Are you taking advantage of carry forward concessional contributions this financial year?

17 June 2020

With June 30 fast approaching, it is critically important you understand the contributions caps and potential strategies that could be available to help maximise your superannuation balance.

Recently, we wrote about some superannuation strategies individuals could consider to help improve their financial outcomes.

Today, I want to provide more information on how the concessional contributions cap works and a potential strategy to help maximise your super balance and possibly reduce your personal tax at the same time. This strategy, called carry forward contributions, can be used with all types of superannuation funds, including Self-Managed Super Funds (SMSF).

Concessional contributions

The most common types of concessional contributions (before tax) include employer contributions, such as compulsory super guarantee (SGC) and salary sacrifice contributions. In addition, individuals can also make personal contributions (after tax) for which a tax deduction can be claimed.

The current concessional super contribution limit (or “cap”) is $25,000 for all individuals up to age 75. Individuals need to pass a work test if over age 65.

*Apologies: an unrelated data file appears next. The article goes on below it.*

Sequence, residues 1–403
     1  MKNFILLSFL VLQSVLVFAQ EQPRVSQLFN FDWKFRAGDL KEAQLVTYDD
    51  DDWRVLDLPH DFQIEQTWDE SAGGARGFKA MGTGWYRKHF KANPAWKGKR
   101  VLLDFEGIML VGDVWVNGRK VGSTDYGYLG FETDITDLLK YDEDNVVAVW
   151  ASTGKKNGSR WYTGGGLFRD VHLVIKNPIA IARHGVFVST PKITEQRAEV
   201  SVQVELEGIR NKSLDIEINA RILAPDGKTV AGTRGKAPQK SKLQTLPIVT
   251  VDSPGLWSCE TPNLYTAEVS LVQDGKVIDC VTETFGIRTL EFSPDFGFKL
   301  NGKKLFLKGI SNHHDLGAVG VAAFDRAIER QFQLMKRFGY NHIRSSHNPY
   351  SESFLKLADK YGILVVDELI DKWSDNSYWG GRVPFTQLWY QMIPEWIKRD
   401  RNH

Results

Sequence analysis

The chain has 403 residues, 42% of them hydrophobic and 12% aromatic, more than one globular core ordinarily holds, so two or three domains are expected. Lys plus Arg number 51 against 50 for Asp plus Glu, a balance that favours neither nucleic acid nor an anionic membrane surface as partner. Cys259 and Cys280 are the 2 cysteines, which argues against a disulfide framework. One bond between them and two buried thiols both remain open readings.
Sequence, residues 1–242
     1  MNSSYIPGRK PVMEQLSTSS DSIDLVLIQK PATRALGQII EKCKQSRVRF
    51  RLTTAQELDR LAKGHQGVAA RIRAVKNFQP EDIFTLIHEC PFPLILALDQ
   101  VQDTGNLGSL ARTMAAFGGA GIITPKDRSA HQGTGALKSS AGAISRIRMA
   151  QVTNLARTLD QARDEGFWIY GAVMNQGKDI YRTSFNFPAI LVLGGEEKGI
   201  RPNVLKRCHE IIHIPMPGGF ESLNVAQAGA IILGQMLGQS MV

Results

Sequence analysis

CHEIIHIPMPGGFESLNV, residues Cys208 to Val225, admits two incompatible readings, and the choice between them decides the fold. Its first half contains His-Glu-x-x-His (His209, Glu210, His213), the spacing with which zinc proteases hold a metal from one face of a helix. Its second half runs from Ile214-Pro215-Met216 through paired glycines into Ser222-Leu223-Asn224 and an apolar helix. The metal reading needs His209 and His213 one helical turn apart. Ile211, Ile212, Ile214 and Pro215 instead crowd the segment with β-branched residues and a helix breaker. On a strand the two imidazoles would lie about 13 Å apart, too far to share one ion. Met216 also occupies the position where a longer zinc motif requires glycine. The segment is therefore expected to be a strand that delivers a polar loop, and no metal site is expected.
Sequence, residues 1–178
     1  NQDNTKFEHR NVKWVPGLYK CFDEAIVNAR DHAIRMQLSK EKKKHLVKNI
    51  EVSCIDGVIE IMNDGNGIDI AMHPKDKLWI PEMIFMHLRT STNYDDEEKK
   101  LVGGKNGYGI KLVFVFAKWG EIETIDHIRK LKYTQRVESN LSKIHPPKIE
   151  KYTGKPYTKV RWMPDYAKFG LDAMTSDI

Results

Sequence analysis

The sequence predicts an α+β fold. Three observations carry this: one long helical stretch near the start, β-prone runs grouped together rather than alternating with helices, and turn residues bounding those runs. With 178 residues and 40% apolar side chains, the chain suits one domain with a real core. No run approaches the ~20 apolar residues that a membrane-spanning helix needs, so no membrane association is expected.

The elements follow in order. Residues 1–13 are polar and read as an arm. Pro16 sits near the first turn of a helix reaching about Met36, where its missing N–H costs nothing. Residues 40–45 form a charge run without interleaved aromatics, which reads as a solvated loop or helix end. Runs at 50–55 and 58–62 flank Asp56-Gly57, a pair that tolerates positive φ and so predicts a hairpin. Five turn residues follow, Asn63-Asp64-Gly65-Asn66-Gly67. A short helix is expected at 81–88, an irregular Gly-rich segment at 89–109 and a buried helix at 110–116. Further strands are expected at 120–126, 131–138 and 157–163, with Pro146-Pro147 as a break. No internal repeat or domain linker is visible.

Superannuation contributions are taxed at between 15% to 30% compared to the typical personal income tax rates of between 34.5% to 47%.

Carry-forward contributions

From 1 July 2018, the government introduced new rules that allow eligible super fund members to utilise any of their unused concessional contributions limit (or cap) on a rolling basis for five years, subject to meeting the eligibility criteria.

If you have a total superannuation balance of less than $500,000 on 30 June of the previous financial year, you may be entitled to contribute more than the general $25,000 concessional contribution cap and make additional concessional contributions for any unused cap amounts. This includes the potential to claim a tax deduction for amounts greater than $25,000.

The 2019/20 financial year is the first year available to carry forward unused concessional contributions. Unused amounts can be carried forward for a maximum of five years, after which they will expire.

Example of carrying forward concessional contributions

Silvia received superannuation guarantee contributions of $6,300 during the 2018/19 financial year and her total superannuation balance was $350,000 as at 30 June 2019.

In the 2019/20 year, Silvia’s concessional contribution cap is $25,000 plus the unused amount of $18,700 from the 2018/19 year ($25,000-$6,300=$18,700). This brings Silvia’s total cap to $43,700 for the 2019/20 year.

In the 2019/20 financial year, Silvia receives $6,300 in super guarantee contributions again. This means Silvia is eligible to make additional concessional contributions of $37,400 ($43,700-$6,300) in the 2019/20 financial year.

Silvia can make the extra concessional contribution in two ways:

  1. An additional salary sacrifice.
  2. A personal concessional contribution for which she can claim a tax deduction in her personal tax return.

If you would like more information on concessional contribution caps and/or carry forward contributions, please contact the SMSF Team or speak to your Findex adviser.

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